Theodore founded the Palaeologus-Montferrat cadet branch of the Palaiologos dynasty,[12] fusing and subsuming the Aleramici lineage with a succession that derived from Byzantium and carried the name of the Palaiologan emperors.[8] Theodore's family ruled Monferrat until the 16th century. Although the Palaiologoi of Montferrat were Latinized, there still had some ties to their homeland; notably reflected in several of them being given typically Greek names, such as Theodore and Sophia. Additionally, they held strong ties to Genoa. Though the Byzantines had seen Argentina Spinola as a mere commoner, her family held significant political power in Genoa. Theodore II of Montferrat, Theodore I's grandson, even managed to take control of the city in 1409, ruling there until 1413.[12]

Theodore I's successor as Marquis of Montferrat, his son John II Palaeologus, attempted to take advantage of the Byzantine civil war of 1341–1347, between Andronikos II's great-grandson John V Palaiologos and John VI Kantakouzenos, in order to invade the empire and conquer Thessalonica. In his 1372 will, John II claimed that Andronikos II's deposition in 1328 by his grandson Andronikos III Palaiologos (John V's father) had been unlawful and thus disqualified Andronikos III and all his heirs from the legitimate line of succession to the throne of Byzantium. John II also pointed out that since Andronikos II had disinherited Andronikos III, John II was thus the rightful emperor as the only true heir to Andronikos II.[11] John II even petitioned the Papacy to recognize his claims to Thessalonica and to the empire, and to help him conquer them.[13] An expedition to "recover" these territories was never organized.[8] Although John II's claims were theoretically inherited by his descendants, none of the marquises seriously pursued a policy of taking over the Byzantine Empire, most of them paying little attention to affairs in the East.[14]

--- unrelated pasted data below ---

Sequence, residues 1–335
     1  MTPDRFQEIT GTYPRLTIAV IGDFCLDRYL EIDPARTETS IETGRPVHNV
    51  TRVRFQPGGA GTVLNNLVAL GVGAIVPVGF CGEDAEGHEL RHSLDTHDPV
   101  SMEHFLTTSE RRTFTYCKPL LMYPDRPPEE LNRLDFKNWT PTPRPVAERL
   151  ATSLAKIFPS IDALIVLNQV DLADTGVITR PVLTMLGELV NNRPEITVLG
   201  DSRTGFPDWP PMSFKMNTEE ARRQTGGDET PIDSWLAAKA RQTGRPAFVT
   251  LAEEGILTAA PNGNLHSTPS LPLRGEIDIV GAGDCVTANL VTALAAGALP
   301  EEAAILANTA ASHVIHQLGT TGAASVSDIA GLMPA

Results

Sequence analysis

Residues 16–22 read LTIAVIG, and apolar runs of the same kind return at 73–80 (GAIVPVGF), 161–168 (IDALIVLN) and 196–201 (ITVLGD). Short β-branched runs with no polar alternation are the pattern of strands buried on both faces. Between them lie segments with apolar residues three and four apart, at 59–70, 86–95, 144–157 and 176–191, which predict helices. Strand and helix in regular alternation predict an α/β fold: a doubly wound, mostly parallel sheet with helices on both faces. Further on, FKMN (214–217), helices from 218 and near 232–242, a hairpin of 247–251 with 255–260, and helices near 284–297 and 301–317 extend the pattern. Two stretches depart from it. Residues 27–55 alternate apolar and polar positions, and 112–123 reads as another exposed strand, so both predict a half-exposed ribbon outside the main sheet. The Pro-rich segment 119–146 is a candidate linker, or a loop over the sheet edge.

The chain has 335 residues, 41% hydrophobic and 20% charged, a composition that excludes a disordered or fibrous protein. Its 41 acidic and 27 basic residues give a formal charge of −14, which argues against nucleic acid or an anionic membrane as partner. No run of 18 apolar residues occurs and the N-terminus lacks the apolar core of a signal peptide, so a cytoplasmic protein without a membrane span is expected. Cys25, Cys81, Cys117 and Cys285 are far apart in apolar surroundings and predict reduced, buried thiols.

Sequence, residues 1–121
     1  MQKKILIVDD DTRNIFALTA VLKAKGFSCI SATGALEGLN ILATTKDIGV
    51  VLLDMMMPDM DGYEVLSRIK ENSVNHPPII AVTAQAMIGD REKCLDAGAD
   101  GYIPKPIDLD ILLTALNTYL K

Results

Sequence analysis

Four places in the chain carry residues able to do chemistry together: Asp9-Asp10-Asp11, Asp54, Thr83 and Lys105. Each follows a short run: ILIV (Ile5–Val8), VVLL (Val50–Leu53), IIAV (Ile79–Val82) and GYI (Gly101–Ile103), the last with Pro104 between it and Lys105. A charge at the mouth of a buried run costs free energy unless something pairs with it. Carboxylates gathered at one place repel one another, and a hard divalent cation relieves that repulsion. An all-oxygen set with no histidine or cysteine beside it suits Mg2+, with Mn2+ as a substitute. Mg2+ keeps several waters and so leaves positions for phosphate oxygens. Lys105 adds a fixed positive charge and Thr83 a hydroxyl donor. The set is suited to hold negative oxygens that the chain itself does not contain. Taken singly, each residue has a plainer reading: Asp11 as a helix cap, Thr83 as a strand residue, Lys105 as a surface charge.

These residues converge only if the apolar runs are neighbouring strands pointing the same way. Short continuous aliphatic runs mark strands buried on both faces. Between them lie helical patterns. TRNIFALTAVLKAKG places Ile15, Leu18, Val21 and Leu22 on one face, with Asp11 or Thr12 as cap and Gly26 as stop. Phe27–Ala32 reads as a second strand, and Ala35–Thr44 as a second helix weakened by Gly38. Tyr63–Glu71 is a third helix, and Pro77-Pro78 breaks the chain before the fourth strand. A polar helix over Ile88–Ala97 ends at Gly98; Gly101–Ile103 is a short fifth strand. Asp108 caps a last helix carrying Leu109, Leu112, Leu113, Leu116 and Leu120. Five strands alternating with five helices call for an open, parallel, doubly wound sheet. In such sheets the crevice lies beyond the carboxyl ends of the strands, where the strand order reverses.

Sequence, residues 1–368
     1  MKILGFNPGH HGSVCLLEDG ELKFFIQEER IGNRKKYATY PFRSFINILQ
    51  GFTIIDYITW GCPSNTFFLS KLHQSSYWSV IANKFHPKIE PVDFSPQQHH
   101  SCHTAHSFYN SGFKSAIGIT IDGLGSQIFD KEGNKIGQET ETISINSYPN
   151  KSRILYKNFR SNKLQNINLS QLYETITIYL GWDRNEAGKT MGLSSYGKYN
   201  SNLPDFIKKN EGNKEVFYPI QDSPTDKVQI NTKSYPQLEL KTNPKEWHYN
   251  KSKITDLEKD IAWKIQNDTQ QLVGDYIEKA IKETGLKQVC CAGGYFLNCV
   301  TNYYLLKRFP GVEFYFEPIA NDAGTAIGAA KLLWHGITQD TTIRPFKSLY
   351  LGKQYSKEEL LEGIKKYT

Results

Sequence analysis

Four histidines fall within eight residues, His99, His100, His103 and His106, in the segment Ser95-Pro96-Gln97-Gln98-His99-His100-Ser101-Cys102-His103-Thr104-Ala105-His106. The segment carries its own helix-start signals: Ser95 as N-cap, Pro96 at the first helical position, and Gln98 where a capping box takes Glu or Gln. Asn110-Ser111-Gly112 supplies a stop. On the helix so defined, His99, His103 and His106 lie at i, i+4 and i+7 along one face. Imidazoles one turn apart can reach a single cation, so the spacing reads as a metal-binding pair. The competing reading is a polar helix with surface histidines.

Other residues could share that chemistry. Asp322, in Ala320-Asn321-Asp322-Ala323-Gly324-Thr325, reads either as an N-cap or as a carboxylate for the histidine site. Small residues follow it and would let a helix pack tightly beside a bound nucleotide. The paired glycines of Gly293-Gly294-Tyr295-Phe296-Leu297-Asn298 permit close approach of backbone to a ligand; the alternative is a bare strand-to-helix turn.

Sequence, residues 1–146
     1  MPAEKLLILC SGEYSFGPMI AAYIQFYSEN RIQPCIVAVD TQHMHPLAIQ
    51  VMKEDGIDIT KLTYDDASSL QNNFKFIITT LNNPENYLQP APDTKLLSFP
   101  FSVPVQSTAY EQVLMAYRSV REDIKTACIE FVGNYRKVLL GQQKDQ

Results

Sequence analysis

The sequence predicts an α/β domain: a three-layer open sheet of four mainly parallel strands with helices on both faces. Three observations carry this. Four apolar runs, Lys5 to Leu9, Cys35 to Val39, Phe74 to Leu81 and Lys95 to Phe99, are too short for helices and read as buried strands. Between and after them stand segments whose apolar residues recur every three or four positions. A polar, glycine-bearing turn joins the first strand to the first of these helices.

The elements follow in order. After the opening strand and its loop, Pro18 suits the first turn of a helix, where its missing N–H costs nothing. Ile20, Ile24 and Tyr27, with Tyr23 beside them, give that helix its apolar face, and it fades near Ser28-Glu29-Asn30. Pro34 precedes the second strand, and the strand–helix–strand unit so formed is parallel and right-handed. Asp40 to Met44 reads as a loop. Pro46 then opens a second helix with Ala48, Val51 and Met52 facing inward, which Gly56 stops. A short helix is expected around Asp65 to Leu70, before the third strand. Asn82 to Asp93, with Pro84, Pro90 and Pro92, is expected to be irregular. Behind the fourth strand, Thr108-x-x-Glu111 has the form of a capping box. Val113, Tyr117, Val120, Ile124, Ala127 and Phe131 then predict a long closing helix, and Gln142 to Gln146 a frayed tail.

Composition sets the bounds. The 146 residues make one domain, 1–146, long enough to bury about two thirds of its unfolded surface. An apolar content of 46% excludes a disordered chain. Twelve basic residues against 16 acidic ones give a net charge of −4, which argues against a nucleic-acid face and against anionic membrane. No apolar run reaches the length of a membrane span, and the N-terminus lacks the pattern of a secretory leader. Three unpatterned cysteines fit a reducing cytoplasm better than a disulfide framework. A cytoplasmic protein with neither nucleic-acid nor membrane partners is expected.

In 1420, Sophia of Montferrat, the great-granddaughter of Theodore I, was chosen by Emperor Manuel II Palaiologos and Pope Martin V to marry her distant relative, John VIII Palaiologos, then the heir to the Byzantine throne.[15] Manuel II agreed to this marriage not because they were related, but because Sophia held connections to Montferrat and Genoa, valuable allies, and because she had been suggested by the Pope. Pope Martin V himself might have been interested in securing the allegiance of Montferrat by suggesting an imperial marriage.[16] Their marriage was not a happy one, on account of John VIII finding Sophia unattractive,[17] and Sophia left John VIII in 1426, returning to Italy. John remarried in the following year.[18]

Extinction and descendants[edit]

Portrait believed to depict Margaret Paleologa, the last living member of the Palaeologus-Montferrat family

The Palaeologus-Montferrat family repeatedly intermarried with the powerful House of Savoy. In 1330, Theodore I's daughter, Yolande Palaeologina of Montferrat, married Aymon, Count of Savoy, and in 1411, a daughter of Amadeus VII, Count of Savoy, Joanna, married John Jacob, Marquis of Montferrat. The marriage contract between Yolande and Aymon in 1330 specified that in the event of the extinction of the Palaeologus-Montferrat line, the House of Savoy was to inherit Montferrat. This contract must only have been a distant memory when the final Palaeologus Marquis, John George, Marquis of Montferrat, died in 1533. Though the then current Savoyard heir, Charles III, Duke of Savoy, made a claim to the title, the Montferrat territories were instead given to a rival contender, Federico II Gonzaga, Duke of Mantua, by Holy Roman Emperor Charles V.[19] In 1708, the House of Savoy, through Victor Amadeus II of Sardinia, succeeded in claiming Montferrat, the acquisition of which was confirmed in 1713 through the Peace of Utrecht, which ended the War of the Spanish Succession. The House of Savoy, which ruled all of Italy 1861–1946, represents still-living descendants of the Palaeologus-Montferrat family.[20]

Federico II Gonzaga, who had succeeded the Palaeologus-Montferrat family in 1533, was connected to the family by marriage, being the husband of Margaret Paleologa, niece of John George. Federico had married Margaret on 3 October 1531 with the explicit goal of acquiring Montferrat.[21] With Margaret's death in 1566, the Palaeologus-Montferrat family became extinct. Her and Federico II's descendants, with the Gonzaga name, ruled Montferrat until they were supplanted by the House of Savoy.[20]